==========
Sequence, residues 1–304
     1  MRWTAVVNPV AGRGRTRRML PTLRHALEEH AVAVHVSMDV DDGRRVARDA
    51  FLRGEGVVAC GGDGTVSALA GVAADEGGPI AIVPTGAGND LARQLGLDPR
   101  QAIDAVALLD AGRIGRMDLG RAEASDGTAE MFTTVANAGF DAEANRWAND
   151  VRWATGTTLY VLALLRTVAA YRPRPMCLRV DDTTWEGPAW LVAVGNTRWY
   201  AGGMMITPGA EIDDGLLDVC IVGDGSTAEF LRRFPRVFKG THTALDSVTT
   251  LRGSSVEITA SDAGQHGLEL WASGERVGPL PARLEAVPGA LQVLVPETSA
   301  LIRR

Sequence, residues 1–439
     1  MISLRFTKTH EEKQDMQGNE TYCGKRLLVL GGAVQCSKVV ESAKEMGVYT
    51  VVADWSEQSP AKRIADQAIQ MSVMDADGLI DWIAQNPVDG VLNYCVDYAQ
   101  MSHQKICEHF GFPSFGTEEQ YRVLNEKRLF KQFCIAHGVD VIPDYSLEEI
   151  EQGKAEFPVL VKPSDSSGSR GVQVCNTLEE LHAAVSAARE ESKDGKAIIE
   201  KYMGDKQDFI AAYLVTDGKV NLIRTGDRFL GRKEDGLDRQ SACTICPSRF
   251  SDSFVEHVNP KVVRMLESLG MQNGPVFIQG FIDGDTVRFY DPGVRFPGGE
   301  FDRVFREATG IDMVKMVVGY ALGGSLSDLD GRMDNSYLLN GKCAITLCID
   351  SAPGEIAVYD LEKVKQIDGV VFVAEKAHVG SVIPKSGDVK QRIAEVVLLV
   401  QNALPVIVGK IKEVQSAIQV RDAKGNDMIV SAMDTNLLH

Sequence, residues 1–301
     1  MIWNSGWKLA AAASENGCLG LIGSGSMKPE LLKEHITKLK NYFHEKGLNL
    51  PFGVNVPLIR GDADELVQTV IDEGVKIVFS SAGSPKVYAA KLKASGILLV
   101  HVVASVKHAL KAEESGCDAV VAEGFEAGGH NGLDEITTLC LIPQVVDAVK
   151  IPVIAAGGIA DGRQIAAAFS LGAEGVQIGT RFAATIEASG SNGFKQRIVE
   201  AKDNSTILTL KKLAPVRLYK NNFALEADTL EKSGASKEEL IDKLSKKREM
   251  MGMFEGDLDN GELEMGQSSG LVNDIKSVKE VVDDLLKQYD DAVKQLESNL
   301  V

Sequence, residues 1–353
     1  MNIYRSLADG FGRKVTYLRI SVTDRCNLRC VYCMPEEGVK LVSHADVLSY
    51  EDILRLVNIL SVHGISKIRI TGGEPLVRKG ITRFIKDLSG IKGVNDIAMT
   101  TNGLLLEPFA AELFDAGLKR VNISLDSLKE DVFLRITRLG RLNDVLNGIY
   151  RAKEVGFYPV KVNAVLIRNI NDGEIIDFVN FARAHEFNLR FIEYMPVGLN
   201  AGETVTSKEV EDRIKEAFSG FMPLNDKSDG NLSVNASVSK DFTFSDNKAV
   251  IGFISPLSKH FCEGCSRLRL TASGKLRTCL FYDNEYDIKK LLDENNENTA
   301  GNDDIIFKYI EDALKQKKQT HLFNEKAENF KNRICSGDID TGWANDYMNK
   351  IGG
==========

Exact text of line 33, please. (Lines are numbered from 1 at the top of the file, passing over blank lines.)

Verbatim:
   251  IGFISPLSKH FCEGCSRLRL TASGKLRTCL FYDNEYDIKK LLDENNENTA